In certain situations, employees who are let go may be entitled to severance pay. This is usually required in lieu of sufficient notice of termination. Under Alberta labour law, workers who have been at their jobs for more than three months (the customary probationary period) are generally entitled to some form of severance.
Eligibility for severance
Eligibility for severance and amounts of severance pay may be influenced by a variety of factors:
- Cause of termination
- Length of time you were employed
- Employment insurance coverage
- Your age
- The nature of the work
- How long you were unemployed
- The manner in which you were dismissed
There are also a variety of exceptions to the general rules regarding severance. For example, certain types of workers or positions, such as construction or seasonal workers, aren’t entitled to termination notice (and thereby severance pay). Temporary layoffs have their own set of rules as well.
Fair severance calculations
The question is, how much pay is fair severance for your work, given the length of time you have worked, the type of work you do, the pay scale and benefits offered and the likelihood of finding new employment?
All these considerations should be part of the severance pay calculation. Generally, employees are entitled to all their wages, overtime pay, general holiday pay and vacation pay within three days of your last day of work.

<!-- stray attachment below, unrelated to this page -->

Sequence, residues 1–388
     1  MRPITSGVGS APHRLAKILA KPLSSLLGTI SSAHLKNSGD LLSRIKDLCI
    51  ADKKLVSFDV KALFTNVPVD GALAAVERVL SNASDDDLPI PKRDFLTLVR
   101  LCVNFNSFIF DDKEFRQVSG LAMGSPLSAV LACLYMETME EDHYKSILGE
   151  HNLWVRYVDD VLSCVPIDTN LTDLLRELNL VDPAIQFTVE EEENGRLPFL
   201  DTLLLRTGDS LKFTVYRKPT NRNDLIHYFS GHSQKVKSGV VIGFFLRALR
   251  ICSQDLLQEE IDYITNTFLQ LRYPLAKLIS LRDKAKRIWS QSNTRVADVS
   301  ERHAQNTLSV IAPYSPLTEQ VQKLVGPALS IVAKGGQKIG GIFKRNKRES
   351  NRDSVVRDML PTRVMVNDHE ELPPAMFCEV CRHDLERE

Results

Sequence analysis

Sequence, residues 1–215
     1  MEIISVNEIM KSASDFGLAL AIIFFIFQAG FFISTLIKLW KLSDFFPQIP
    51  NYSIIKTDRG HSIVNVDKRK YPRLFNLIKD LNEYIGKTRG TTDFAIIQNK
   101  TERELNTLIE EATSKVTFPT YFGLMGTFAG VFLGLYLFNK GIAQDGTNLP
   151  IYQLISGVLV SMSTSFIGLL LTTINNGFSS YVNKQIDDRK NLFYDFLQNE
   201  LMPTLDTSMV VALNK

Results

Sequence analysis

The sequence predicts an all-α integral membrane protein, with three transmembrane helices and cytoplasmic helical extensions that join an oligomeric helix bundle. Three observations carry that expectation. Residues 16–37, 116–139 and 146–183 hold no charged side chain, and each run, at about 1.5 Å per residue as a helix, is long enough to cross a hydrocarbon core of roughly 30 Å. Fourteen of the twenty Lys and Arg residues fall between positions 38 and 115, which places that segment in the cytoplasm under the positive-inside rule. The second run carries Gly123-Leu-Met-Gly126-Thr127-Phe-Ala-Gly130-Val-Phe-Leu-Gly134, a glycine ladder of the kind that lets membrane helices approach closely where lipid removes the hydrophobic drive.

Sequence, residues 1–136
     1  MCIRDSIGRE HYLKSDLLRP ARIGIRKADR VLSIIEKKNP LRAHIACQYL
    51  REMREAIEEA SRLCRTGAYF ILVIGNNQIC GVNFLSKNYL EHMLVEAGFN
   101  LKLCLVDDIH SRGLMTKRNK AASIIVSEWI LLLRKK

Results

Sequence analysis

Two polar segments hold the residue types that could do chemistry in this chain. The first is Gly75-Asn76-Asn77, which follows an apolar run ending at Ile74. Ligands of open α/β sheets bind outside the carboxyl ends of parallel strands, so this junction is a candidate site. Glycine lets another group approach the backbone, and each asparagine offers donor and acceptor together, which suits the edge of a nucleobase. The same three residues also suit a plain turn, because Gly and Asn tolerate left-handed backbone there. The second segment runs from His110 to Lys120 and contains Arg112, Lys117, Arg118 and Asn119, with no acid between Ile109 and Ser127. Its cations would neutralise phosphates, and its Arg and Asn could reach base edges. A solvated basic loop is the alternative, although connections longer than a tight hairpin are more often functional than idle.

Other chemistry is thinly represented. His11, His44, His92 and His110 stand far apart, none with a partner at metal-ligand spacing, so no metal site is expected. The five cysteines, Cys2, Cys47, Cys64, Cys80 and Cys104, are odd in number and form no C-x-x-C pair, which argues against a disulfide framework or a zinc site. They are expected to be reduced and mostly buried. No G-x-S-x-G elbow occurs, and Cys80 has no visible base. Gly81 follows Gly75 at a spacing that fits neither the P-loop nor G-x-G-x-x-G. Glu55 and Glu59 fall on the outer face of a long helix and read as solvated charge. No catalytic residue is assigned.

However, very few employees are entitled to only the minimum provided under legislation. You may be entitled to more than you expect. Commissions, bonuses, profit shares, benefits and the loss of pension benefits may also be part of the calculation of damages. Expert employment law advice has the potential to better your position by thousands of dollars.
Make sure you’re getting a fair severance package. Call us today!
If you live in the greater Edmonton area and feel you were dismissed without proper severance, contact the Lypkie Henderson Employment Law office to arrange a consultation.